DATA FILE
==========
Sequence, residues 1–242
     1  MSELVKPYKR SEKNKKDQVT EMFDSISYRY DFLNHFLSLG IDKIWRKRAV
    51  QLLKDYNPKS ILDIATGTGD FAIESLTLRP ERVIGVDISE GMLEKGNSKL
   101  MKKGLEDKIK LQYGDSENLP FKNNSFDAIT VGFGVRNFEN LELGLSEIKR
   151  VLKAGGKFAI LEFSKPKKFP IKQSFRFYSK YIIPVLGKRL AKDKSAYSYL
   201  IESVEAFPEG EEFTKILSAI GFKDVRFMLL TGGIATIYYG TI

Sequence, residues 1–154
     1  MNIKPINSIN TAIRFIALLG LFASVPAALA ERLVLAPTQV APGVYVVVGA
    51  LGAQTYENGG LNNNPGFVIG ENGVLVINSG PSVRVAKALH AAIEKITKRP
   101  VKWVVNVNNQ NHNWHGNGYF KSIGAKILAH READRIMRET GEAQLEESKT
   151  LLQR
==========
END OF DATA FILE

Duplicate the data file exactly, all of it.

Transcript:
Sequence, residues 1–242
     1  MSELVKPYKR SEKNKKDQVT EMFDSISYRY DFLNHFLSLG IDKIWRKRAV
    51  QLLKDYNPKS ILDIATGTGD FAIESLTLRP ERVIGVDISE GMLEKGNSKL
   101  MKKGLEDKIK LQYGDSENLP FKNNSFDAIT VGFGVRNFEN LELGLSEIKR
   151  VLKAGGKFAI LEFSKPKKFP IKQSFRFYSK YIIPVLGKRL AKDKSAYSYL
   201  IESVEAFPEG EEFTKILSAI GFKDVRFMLL TGGIATIYYG TI

Sequence, residues 1–154
     1  MNIKPINSIN TAIRFIALLG LFASVPAALA ERLVLAPTQV APGVYVVVGA
    51  LGAQTYENGG LNNNPGFVIG ENGVLVINSG PSVRVAKALH AAIEKITKRP
   101  VKWVVNVNNQ NHNWHGNGYF KSIGAKILAH READRIMRET GEAQLEESKT
   151  LLQR